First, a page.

February 15, 2024

 

Philippines' fisheries production decreased 1.8% in volume last year

 

 

 

The Philippines' fisheries production volume reached 4.26 million metric tonnes in 2023, reflecting a 1.8% annual decline, the Philippine Statistics Authority (PSA) said.

 

The latest result was lower than the 4.34 million metric tonnes posted a year earlier. Decreases in production were noted for the commercial, marine municipal fisheries and inland municipal fisheries sub-sectors.

 

Only the aquaculture sub-sector reported an annual increase in production, the PSA said.

 

During the current year, the commercial fisheries sector yielded a total of 820,300 metric tonnes, a 4.9% decrease compared to the prior year's output of 862,690 metric tonnes. This sub-sector represented 19.3% of the overall fisheries production in 2023.

 

Marine municipality fisheries, meanwhile, posted an 881,250 metric tonnes in total output. "This was 7.3% lower than the 2022 level of 950,910 metric tonnes," said PSA. The sub-sector's share of the total fisheries production last year was 20.7%.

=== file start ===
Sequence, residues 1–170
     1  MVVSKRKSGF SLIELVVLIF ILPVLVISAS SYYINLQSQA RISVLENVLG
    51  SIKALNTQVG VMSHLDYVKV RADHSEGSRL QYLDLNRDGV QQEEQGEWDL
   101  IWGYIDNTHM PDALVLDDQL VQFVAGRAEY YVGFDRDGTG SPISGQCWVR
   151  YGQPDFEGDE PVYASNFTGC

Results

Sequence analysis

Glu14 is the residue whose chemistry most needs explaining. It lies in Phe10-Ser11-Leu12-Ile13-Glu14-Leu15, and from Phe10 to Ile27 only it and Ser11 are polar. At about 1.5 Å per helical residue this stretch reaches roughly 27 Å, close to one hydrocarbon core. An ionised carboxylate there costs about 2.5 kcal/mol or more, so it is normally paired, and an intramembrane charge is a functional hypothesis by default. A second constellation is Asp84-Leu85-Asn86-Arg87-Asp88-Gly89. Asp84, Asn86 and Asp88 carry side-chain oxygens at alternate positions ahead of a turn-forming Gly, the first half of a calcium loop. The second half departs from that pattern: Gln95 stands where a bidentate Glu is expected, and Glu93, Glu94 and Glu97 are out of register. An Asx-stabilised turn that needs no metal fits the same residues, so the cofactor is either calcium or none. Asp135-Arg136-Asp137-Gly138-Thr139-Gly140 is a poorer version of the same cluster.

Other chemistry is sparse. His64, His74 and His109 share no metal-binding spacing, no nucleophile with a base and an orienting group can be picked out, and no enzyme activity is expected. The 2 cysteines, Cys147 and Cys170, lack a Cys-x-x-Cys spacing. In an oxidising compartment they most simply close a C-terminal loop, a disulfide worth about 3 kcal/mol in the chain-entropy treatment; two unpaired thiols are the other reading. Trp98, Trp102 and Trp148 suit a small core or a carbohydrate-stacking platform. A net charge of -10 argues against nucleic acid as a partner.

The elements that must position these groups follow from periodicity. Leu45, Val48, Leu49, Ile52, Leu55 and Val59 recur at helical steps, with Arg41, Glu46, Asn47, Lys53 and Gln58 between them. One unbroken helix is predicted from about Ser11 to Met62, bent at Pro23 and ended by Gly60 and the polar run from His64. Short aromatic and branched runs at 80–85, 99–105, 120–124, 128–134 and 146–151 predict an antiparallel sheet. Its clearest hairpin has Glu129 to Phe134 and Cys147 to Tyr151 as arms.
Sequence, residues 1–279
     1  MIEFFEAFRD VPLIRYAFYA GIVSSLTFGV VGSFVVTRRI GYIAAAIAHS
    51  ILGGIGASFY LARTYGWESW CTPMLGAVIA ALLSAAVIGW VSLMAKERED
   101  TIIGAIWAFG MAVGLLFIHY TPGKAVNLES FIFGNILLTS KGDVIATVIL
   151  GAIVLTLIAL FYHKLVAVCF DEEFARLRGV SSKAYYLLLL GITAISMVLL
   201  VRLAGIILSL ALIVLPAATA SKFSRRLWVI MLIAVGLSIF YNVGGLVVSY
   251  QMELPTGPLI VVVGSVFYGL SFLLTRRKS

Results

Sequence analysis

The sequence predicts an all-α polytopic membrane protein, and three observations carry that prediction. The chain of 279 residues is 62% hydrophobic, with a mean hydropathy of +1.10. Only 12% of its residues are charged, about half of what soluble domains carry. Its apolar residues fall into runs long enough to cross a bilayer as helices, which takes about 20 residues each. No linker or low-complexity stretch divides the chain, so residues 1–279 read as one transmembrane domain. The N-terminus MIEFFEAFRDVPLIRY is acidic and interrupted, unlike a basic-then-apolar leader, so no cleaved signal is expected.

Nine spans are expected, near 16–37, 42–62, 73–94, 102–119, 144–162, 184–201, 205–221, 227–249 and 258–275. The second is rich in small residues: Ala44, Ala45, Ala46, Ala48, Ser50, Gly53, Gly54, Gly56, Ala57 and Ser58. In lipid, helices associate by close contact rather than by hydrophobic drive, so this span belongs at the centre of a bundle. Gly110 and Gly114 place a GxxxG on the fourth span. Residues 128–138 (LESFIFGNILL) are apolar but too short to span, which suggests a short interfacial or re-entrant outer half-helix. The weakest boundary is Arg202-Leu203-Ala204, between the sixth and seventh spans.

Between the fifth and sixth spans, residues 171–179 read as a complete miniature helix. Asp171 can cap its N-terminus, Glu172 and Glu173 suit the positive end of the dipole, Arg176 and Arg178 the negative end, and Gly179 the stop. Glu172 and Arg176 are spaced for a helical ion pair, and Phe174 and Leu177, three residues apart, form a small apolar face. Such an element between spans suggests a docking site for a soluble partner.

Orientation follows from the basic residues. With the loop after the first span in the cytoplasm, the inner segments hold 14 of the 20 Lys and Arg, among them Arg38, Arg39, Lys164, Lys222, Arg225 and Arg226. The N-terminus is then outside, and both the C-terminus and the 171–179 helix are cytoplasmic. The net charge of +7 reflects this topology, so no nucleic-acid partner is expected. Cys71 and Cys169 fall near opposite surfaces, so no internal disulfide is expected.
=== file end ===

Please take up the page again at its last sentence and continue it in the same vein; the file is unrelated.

On the other hand, inland municipal fisheries produced 174,580 metric tonnes, marking a slight decrease of 0.4% compared to the prior year's output of 175,350 metric tonnes. This sector accounted for 4.1% of the overall fisheries production for the year.

 

Aquaculture production, meanwhile, increased by 1.5% to 2.38 million metric tonnes compared to the previous year's 2.35 million metric tonnes.

 

Aquaculture contributed the largest portion, or 56.0%, to the overall fisheries production this year.

 

Among the 20 monitored species, PSA said that 14 recorded an annual drop in production. These were primarily noted in fimbriated sardines with a 33.5% drop, bigeye tuna which fell by 25.1%, threadfin bream by 21.2%, tiger prawn by 19.4%, skipjack by 18.8%, frigate tuna by 13.3% and milkfish with 8.9%.

 

On the other hand, increases in production were mainly reported in Indian mackerel with a 17.6% rise in production, round scad up by 11.2%, big-eyed scad by 6.8%, yellowfin tuna by 6.6%, seaweed by 5.3% and tilapia by 1.3%.

 

- The Manila Times

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